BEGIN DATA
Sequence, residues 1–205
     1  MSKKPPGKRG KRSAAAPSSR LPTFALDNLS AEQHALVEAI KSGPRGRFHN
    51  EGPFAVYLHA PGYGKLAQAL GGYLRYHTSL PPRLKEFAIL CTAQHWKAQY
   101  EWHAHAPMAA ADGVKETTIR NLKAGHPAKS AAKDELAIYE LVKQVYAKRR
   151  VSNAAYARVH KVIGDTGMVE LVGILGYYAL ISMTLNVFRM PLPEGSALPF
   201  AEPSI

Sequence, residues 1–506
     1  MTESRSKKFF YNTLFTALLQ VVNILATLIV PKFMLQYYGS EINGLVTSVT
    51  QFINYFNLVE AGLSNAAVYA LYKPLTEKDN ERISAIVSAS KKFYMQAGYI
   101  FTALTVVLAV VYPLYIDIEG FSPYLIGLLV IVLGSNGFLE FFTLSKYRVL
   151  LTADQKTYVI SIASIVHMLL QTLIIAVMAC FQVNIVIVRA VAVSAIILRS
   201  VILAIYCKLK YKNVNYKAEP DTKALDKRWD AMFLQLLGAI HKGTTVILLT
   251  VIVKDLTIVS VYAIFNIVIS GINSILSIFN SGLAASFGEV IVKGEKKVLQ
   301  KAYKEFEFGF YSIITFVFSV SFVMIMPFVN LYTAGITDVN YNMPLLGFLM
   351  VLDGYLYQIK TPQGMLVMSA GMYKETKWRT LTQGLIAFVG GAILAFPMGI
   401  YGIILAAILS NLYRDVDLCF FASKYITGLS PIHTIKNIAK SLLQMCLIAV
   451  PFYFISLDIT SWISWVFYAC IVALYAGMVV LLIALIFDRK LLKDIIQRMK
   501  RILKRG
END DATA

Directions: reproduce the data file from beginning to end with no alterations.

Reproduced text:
Sequence, residues 1–205
     1  MSKKPPGKRG KRSAAAPSSR LPTFALDNLS AEQHALVEAI KSGPRGRFHN
    51  EGPFAVYLHA PGYGKLAQAL GGYLRYHTSL PPRLKEFAIL CTAQHWKAQY
   101  EWHAHAPMAA ADGVKETTIR NLKAGHPAKS AAKDELAIYE LVKQVYAKRR
   151  VSNAAYARVH KVIGDTGMVE LVGILGYYAL ISMTLNVFRM PLPEGSALPF
   201  AEPSI

Sequence, residues 1–506
     1  MTESRSKKFF YNTLFTALLQ VVNILATLIV PKFMLQYYGS EINGLVTSVT
    51  QFINYFNLVE AGLSNAAVYA LYKPLTEKDN ERISAIVSAS KKFYMQAGYI
   101  FTALTVVLAV VYPLYIDIEG FSPYLIGLLV IVLGSNGFLE FFTLSKYRVL
   151  LTADQKTYVI SIASIVHMLL QTLIIAVMAC FQVNIVIVRA VAVSAIILRS
   201  VILAIYCKLK YKNVNYKAEP DTKALDKRWD AMFLQLLGAI HKGTTVILLT
   251  VIVKDLTIVS VYAIFNIVIS GINSILSIFN SGLAASFGEV IVKGEKKVLQ
   301  KAYKEFEFGF YSIITFVFSV SFVMIMPFVN LYTAGITDVN YNMPLLGFLM
   351  VLDGYLYQIK TPQGMLVMSA GMYKETKWRT LTQGLIAFVG GAILAFPMGI
   401  YGIILAAILS NLYRDVDLCF FASKYITGLS PIHTIKNIAK SLLQMCLIAV
   451  PFYFISLDIT SWISWVFYAC IVALYAGMVV LLIALIFDRK LLKDIIQRMK
   501  RILKRG